The last issue of Bat-Mite is here….or should I say FINALLY here. Now maybe I’m just in a good mood since I don’t have to dread reviewing more issues of this mini-series, but I didn’t find the finale to be as intolerable as I was expecting. But don’t misinterpret that as a recommendation. This is still a hot mess.
As we join the story in progress, we discover that Bat-mite has decided to expand his makeover talents to more than just heroes. For some unknown reason, he starts targeting national monuments and politicians. While I admittedly found the monument makeovers slightly amusing, the political stuff didn’t do anything for me at all. Part of that stems from the fact that I don’t follow politics, so for all I know these pages were hilarious, but I’m going to go out on a limb here and bet against that. Humor value aside, the inclusion of contemporary satire seemed out of place in the greater context of this series. Pardon me for not committing every moment to memory, but I don’t recall any other jokes that relied so heavily on an understanding of contemporary issues. Much of what this series has pushed as humor has been slapstick, decades old pop culture references, and a smidgen of comic book related in-jokes.
From here, Bat-Mite enters his final confrontation with Gridlock. Not surprisingly, Gridlock gets the drop on our half-witted hero. When Bat-Mite regains consciousness, he is tied up in a chair and prepped to watch the pilot episode of Galaxy Trek. Upon completion of which, he is to be executed. Bat-Mite spends a peculiarly long amount of time trying to convince Gridlock to untie him in exchange for being transported into the world of Galaxy Trek. Why exactly did Bat-Mite need to be untied? He could have magically turned the ropes into Twizzlers if he wanted. He could have just teleported away. He could have wished a cage out of thin air to contain Gridlock. It makes the whole scene redundant. Once free, he actually grants Gridlock his wish! I suppose trapping Gridlock in an alternate dimension is far more permanent and way less risky than sending him to jail.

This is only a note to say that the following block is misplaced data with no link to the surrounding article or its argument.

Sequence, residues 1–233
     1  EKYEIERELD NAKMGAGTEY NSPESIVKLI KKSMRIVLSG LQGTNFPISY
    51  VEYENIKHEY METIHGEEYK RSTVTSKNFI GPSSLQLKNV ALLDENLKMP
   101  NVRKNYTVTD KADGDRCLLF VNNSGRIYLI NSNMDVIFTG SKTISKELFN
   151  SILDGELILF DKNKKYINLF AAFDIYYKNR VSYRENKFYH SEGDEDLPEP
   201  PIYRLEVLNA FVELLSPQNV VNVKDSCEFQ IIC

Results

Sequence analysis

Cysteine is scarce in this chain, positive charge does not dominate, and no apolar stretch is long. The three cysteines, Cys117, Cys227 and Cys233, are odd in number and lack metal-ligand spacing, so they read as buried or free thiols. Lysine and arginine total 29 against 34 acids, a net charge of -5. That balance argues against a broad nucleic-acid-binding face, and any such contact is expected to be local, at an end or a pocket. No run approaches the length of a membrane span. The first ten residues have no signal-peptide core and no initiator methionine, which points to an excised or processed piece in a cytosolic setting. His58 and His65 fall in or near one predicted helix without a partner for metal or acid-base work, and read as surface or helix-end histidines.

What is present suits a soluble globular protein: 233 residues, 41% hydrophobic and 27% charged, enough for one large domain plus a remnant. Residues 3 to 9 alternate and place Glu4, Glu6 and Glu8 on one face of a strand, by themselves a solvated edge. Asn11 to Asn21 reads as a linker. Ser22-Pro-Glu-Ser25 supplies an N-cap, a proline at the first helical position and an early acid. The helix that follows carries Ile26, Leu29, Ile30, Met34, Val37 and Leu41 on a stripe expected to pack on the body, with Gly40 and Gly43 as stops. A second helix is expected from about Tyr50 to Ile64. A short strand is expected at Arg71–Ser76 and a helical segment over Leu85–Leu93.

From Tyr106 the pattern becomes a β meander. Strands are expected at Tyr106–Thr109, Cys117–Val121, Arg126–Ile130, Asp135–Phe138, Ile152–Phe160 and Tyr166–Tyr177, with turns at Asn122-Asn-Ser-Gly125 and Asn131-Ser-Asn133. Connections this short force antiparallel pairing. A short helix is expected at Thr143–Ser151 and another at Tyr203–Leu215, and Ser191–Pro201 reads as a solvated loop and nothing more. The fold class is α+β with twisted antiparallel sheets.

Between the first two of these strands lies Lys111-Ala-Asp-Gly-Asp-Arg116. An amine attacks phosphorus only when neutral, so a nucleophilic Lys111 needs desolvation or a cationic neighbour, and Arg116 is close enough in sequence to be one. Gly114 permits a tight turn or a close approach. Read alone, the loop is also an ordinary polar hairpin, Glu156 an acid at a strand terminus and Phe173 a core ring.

Once this is resolved, a Sentry Silent appears to take Bat-Mite home. And for absolutely no reason whatsoever, the robot has Bennington and Weeds with him. It’s as if Jurgens wanted to include a touching farewell scene but could not come up with a logical reason to have the characters in the finale. Characters who, in my opinion, served no purpose anyway. When it was revealed that Bennington was FBI and we had that ominous closing scene from a previous issue where her boss told her to keep an eye on Bat-Mite, I was certain it would lead to the government trying to utilize Bat-Mite for some unsightly gain. A wasted opportunity if you ask me.
But this ending takes the cake in presenting false pretenses. This entire story has been building to this moment. Bat-Mite was exiled by them. When he speaks of them, he has a genuine fear in his voice. This is serious stuff. How will he ever get out of this situation. And then this happens…
You’ve got to be kidding me. That is the most anti-climactic ending in the history of endings. It’s one thing to present jokes to the readers, but this is a joke on the readers. We have gone on this journey, expecting some kind of relevant outcome (at least I was, though I should have known better), only to be presented with this. I’m so miffed with this ending I can’t even correctly express my annoyance through words. Well, at least it’s finally over…
- The cover for this issue reminded me of Batman #477 & 478(1992). Both have a claymation like quality to them and instead of being illustrated are actually photographs of sculpted/constructed pieces.
- Hattori Hanzo was a real life Samurai from the 16th century. He has appeared in a countless number of Japanese films, books, video games, anime, and manga. For a more recognizable reference for western audiences, look no further than Quentin Tarantino’s homage to the character in Kill Bill.
- My last recommendation to you from the halls of Bat-Mite history is Batman: Legends of the Dark Knight #38(1992) and Batman: Mitefall(1995). Both tales follow the character of Bob Overdog, a drug addict who may very well be hallucinating this whole tale. While #38 is entertaining, it primarily serves to set up the groundwork for the sequel. Mitefall is essentially a parody of the Knightfall story line but also devotes time to poking fun at other Batman stories and DC related entities.
- You want to know how this mockery of a Bat-Mite tale ends.
I said it before, and now that it’s done, I can say it with all confidence. This mini-series is, without a doubt, one of the worst collections of Bat-Mite stories I have ever read!
SCORE: 3.5 / 10